|Family genealogy work, a sought after book with an interesting story to tell, a famous library reputedly famously guarded, and a library president cousin all make for an interesting mix|
Thirty-six-year-old Sandy Porfiry Marx, known as “Sanz” in the Marx family and still using her maiden name, is an inveterate sleuth who has compiled reams of collected historical anecdotes and facts about the family and all its branches. Why be obsessive about particular families Sanz is asked (Sanz also does the same kind of research about families besides just the Marx family): Sanz replies that it provides a way of seeing snapshots of history raw and unfiltered through the eyes of historians who too often think they already know the shape of the past. “You find out things you never knew, things historians neglected or forgot to write about and you see different connections about how the past transitioned into the present we know today,” she says.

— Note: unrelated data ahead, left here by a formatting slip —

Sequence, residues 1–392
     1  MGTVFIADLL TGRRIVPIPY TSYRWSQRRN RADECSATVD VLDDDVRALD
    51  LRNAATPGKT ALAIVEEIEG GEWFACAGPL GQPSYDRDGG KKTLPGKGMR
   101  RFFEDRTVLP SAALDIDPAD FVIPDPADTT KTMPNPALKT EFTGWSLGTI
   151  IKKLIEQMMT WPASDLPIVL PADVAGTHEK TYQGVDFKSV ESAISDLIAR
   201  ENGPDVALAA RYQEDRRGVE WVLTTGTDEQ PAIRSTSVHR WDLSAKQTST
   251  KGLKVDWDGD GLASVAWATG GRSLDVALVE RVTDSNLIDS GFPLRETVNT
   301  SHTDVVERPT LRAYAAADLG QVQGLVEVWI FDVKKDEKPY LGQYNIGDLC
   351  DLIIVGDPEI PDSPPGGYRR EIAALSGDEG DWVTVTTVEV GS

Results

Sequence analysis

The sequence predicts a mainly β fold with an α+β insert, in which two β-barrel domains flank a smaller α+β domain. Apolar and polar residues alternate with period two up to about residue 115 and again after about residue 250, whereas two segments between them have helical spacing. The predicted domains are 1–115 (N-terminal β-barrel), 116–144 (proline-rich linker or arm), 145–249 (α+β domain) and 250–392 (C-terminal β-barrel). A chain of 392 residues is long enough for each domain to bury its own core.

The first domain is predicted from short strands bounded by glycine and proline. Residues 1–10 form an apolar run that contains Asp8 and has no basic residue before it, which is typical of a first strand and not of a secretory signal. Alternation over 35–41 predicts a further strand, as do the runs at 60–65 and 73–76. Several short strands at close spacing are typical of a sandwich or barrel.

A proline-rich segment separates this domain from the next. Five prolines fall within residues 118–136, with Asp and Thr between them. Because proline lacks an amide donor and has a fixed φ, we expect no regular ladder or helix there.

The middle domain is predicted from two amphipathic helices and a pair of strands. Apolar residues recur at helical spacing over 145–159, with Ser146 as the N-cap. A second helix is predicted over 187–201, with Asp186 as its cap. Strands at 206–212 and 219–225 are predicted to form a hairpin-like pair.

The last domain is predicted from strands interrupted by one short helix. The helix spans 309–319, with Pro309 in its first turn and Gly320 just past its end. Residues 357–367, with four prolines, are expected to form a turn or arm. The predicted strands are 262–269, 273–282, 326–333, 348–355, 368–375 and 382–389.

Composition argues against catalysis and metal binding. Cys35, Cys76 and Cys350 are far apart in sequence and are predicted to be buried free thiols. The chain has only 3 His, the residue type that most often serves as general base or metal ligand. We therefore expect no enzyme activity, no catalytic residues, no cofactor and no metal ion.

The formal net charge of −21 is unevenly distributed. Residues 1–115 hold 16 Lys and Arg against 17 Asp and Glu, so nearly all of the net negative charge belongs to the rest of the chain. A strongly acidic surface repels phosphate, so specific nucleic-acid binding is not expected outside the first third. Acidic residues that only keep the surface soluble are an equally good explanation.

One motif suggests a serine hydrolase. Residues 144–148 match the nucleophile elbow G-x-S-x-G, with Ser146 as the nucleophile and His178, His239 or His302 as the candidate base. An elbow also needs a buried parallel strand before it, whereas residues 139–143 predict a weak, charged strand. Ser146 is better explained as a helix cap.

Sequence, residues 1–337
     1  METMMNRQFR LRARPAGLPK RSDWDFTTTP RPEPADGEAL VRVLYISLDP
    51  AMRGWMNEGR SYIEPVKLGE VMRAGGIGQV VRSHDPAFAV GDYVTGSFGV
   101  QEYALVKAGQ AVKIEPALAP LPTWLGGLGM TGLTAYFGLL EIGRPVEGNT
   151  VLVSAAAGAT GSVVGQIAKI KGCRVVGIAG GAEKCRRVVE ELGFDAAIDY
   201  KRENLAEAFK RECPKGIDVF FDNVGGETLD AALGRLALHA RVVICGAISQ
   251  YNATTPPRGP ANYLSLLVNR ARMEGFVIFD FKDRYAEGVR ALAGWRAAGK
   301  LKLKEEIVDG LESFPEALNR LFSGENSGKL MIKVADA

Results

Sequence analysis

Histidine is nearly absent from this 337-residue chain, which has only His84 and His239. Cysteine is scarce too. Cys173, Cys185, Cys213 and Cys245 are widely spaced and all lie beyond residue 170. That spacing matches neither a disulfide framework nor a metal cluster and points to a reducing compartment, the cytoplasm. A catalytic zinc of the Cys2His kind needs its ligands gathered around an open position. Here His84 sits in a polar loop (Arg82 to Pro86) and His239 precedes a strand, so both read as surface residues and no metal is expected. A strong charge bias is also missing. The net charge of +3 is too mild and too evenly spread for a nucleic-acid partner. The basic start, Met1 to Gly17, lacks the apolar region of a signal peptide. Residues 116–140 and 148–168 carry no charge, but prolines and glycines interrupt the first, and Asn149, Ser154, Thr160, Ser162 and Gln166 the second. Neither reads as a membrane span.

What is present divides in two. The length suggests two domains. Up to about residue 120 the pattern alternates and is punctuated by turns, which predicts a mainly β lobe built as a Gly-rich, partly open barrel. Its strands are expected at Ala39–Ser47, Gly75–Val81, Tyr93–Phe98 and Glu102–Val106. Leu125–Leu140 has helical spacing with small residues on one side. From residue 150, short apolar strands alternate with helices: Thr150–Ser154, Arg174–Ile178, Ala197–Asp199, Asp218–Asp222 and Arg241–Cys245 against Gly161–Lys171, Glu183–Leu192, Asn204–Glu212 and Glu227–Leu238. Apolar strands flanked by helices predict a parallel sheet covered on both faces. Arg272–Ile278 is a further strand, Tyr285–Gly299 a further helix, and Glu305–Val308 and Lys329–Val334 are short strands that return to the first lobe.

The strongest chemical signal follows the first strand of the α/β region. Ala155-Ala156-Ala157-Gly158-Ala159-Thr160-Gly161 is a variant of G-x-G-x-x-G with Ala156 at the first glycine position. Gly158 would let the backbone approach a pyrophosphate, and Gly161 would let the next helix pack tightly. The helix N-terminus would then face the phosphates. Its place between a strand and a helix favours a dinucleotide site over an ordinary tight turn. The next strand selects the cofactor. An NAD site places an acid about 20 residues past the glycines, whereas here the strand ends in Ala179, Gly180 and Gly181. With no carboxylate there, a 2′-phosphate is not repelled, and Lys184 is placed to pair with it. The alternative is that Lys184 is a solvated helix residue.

The collision course with her cousin Anthony (“Tony”) Marx seems to have been set because they both inevitably deal with books. Ironically, Sanz was working on a research project she had intended she could deliver as something of a gift to her library president cousin and his sociology professor wife Karen Barkey. Barkey also still uses her maiden name. . .